Date on Master's Thesis/Doctoral Dissertation
Committee Co-Chair (if applicable)
Brontë; Shelley; feminist criticism; patriarchy; self-affirmation; social systems
Drawing on feminist criticism and postcolonial theory, this study analyzes conversations about female identity within and around Victorian female gothic novels and how they contribute to the genre’s appeal to modern readers. In particular, it is a case study of how the discourse develops through Mary Shelley’s Frankenstein (1818), Emily Brontë’s Wuthering Heights (1847), and Charlotte Brontë’s Jane Eyre (1847). Each novel presents the challenges women face when their sense of self is based on the expectations of others, and Wuthering Heights and Jane Eyre further explore the potential for women to create their own, unique identity while still remaining within an established, patriarchal society. Although none of the novels provide a perfect solution to the problems they identify, they facilitate conversations between writers and readers across generations, thus supporting continued personal development and social change.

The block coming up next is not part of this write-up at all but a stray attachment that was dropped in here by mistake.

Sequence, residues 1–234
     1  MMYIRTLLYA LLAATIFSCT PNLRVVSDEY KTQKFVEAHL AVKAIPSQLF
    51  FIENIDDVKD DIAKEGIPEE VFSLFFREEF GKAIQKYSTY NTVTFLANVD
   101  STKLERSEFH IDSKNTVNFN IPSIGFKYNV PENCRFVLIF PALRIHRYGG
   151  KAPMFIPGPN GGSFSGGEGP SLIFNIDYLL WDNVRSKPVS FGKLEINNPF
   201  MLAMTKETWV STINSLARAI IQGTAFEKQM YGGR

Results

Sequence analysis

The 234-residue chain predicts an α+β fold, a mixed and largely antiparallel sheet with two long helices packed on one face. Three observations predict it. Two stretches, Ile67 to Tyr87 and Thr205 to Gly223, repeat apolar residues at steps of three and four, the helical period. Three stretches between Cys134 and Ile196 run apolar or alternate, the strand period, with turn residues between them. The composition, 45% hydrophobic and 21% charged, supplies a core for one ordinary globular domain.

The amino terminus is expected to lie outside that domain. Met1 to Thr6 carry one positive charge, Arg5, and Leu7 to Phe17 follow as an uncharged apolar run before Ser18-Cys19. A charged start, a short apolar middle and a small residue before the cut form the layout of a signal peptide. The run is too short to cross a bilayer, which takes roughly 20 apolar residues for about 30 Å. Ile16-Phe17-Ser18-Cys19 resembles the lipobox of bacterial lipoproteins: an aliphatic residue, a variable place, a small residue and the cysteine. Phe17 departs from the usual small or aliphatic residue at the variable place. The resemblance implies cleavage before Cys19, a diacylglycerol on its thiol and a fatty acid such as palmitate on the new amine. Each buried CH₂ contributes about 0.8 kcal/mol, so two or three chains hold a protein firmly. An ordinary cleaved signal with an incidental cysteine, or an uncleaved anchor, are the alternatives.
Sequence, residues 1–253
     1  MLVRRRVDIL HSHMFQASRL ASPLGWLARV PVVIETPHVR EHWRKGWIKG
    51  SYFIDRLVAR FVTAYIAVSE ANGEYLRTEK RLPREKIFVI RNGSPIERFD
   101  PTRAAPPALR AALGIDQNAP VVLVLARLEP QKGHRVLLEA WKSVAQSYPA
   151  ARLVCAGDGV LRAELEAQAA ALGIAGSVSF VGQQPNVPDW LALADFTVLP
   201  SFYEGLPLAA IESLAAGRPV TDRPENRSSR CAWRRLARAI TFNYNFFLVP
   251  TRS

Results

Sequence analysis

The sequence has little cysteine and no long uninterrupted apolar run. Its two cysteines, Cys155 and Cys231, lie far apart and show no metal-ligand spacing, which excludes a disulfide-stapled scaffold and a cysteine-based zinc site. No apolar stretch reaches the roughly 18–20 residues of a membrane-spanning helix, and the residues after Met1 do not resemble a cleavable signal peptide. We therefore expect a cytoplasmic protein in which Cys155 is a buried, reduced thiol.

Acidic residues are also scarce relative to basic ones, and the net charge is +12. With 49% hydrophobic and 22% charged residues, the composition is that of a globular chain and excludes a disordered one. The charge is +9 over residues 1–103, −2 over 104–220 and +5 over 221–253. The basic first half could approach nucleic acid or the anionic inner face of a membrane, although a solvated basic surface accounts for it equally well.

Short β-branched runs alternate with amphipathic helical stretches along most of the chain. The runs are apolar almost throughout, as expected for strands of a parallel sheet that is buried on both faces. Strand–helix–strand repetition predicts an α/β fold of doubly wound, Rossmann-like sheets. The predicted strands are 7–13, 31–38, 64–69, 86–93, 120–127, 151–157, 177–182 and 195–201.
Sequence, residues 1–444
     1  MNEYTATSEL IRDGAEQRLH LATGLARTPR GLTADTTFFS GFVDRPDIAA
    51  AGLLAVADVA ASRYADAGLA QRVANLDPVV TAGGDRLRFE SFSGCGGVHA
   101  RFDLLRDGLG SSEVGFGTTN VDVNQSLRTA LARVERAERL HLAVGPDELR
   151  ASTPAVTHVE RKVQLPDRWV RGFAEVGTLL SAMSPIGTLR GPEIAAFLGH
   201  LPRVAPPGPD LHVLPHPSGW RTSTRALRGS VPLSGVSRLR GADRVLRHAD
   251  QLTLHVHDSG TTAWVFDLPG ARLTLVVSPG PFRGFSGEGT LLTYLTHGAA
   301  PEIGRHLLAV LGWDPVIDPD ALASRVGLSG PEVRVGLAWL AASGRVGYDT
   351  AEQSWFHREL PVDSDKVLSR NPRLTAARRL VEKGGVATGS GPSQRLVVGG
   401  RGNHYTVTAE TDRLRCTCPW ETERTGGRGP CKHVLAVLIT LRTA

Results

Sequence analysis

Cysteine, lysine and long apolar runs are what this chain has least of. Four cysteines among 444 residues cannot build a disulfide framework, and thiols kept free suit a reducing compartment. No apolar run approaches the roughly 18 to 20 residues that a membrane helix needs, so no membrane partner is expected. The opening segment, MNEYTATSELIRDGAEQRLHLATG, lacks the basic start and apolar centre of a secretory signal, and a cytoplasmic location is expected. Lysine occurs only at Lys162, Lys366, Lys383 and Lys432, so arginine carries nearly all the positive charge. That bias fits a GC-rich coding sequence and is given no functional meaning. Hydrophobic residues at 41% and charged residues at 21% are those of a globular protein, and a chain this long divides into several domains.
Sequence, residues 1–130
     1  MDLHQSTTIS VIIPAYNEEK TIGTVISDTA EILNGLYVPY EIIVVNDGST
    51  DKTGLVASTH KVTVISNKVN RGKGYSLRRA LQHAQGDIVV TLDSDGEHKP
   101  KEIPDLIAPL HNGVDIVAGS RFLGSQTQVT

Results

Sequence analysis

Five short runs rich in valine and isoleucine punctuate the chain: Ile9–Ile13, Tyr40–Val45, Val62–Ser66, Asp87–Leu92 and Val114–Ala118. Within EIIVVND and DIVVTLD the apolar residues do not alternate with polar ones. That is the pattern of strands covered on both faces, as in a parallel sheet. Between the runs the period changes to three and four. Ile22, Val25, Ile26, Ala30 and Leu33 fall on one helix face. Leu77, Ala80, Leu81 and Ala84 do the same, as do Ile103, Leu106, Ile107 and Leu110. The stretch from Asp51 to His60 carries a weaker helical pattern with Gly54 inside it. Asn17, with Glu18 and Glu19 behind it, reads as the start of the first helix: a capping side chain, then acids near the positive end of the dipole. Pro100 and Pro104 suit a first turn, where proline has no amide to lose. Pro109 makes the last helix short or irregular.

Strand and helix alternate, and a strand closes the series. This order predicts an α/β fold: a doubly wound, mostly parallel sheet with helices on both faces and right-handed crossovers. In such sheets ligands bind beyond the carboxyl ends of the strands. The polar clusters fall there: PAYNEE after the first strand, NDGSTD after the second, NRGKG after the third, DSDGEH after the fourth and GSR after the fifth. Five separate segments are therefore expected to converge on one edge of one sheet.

Salo, Hayley, "In a Victorian fog: constructing identities in female gothic novels." (2021). Electronic Theses and Dissertations. Paper 3596.